EDITORIAL: Burke battle

The provincial government is selling nearly 600 acres on Burke Mountain in Coquitlam as part of its asset disposal program. - COLLIERS
The provincial government is selling nearly 600 acres on Burke Mountain in Coquitlam as part of its asset disposal program.
— image credit: COLLIERS

News that the provincial government is selling 584 acres of land on Burke Mountain to pay off some bills may come as a shock to many people.

Judging by comments on a recent Tri-City News story, many feel there’s already enough development creeping up the mountain into bear and wildlife habitat, while others think selling off Crown assets is a poor way to manage the budget.

But is there enough of a protest to get the B.C. government to change their minds on selling this potentially valuable property?

In Port Moody, residents fought off the sale of Neighbourhoods 3 and 4 and, after a referendum, land that was slated for housing was turned into the 138-acre Bert Flynn Park.

Could that kind of a protest be mounted today?

It would be a tough slog, indeed. Premier Christy Clark was voted in on a jobs and balanced budget mandate and those assets are apparently necessary to meet her goals. As for Coquitlam, it will soon be considering the northwest Burke Mountain development area — much of which the province owns — and envisions it supporting 8,000 people in the future.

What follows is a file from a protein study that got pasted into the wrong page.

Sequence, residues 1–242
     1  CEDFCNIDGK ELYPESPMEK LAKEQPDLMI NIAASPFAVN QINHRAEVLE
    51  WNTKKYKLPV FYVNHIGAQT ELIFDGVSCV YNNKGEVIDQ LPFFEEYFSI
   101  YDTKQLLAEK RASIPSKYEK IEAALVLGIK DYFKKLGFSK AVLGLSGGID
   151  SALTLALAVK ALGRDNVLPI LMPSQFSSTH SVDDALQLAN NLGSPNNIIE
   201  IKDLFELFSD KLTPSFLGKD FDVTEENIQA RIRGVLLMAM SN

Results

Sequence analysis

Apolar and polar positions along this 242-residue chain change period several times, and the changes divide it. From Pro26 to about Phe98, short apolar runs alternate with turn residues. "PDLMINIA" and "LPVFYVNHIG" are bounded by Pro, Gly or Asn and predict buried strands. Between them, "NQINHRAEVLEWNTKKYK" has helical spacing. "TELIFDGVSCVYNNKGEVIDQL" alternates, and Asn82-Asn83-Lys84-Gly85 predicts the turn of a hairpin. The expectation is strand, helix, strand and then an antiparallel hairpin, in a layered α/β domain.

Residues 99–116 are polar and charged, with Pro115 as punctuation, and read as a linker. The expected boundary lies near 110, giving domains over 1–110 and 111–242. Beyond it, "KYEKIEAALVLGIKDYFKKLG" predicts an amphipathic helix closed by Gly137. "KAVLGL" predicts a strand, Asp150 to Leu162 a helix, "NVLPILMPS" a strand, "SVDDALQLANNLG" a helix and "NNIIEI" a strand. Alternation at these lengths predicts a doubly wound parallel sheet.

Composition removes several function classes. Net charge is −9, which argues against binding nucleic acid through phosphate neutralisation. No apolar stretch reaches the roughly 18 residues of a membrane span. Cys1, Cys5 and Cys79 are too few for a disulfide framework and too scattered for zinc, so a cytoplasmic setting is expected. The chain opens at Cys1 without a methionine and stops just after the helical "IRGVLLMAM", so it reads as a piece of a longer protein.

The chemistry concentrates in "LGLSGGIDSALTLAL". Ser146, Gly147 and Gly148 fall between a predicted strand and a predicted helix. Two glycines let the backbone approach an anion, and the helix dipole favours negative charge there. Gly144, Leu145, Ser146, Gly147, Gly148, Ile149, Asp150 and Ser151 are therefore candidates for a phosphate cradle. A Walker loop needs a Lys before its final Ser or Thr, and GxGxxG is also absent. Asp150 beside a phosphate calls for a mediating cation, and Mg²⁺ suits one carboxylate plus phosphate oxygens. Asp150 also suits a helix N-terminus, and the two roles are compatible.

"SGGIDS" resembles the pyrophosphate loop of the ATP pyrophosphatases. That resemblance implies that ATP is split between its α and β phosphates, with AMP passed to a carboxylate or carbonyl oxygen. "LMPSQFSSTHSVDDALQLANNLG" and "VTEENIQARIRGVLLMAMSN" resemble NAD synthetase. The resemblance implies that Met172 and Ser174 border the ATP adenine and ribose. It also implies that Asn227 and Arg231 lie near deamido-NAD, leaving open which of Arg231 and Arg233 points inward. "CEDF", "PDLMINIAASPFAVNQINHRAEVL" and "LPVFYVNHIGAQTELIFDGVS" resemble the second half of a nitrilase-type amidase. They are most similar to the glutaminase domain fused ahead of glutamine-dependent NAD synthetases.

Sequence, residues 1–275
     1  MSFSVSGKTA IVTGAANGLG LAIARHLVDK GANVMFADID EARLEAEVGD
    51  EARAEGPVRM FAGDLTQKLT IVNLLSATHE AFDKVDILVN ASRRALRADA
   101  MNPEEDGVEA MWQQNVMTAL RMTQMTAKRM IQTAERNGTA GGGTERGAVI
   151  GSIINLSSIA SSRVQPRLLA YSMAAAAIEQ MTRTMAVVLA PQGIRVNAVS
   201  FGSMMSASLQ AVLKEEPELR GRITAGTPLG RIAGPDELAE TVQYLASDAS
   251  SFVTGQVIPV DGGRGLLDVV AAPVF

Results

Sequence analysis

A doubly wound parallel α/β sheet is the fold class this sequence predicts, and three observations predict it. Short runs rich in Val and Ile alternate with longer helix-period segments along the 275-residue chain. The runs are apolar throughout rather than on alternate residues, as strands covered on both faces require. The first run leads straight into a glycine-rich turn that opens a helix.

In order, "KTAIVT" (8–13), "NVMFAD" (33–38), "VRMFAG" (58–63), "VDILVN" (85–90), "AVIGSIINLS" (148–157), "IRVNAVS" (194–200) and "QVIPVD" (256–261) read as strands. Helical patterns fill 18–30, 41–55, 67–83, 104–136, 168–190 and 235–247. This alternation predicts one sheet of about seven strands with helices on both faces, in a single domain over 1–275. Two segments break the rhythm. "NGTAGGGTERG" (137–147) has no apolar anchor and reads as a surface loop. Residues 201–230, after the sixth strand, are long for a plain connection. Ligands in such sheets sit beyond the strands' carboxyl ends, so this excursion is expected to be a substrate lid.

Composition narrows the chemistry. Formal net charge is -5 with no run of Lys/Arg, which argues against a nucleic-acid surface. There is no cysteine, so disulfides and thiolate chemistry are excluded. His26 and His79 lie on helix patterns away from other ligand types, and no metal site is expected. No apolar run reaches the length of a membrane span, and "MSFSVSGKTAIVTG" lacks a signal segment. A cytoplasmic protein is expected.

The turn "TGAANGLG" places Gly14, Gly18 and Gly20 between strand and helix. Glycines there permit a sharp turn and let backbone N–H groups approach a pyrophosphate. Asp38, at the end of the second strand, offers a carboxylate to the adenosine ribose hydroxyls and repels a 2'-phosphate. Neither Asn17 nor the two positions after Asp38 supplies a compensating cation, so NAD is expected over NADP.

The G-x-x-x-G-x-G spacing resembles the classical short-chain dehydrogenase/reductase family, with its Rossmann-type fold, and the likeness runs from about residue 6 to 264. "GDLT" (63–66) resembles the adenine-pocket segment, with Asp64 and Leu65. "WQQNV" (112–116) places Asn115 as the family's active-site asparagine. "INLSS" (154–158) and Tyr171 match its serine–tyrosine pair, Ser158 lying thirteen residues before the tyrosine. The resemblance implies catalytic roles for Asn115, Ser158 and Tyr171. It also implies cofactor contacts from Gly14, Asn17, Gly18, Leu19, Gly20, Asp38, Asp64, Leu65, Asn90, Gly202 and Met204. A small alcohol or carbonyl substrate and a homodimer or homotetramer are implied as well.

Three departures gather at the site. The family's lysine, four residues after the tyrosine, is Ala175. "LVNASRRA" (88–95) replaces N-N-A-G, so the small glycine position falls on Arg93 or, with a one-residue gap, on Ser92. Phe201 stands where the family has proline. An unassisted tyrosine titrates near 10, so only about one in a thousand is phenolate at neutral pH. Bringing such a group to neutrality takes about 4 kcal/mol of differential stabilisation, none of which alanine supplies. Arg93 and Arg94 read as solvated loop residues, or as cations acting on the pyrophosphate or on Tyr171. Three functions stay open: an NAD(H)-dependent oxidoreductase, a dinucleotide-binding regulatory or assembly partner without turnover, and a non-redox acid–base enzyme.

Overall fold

If turning the bus around is not an option, Coquitlam residents must keep their foot on the gas pedal. They must be vigilant in ensuring that this undeveloped area is properly planned, with wildlife values kept in place and scrupulous attention to communicating these values.

It cannot be “business as usual” on slopes this steep, so high into bear and cougar country. Council must not be swayed by short-term market conditions. If that land is to be properly developed, erosion control must be stringent and monitored, land for schools and other infrastructure must be in place, garbage must be tightly controlled, and parking and other measures built with low-impact on the land.

We trust the city has learned from its past mistakes on Burke and will ensure that if this land has to be developed it will be with the highest of environmental, community and social values in place.




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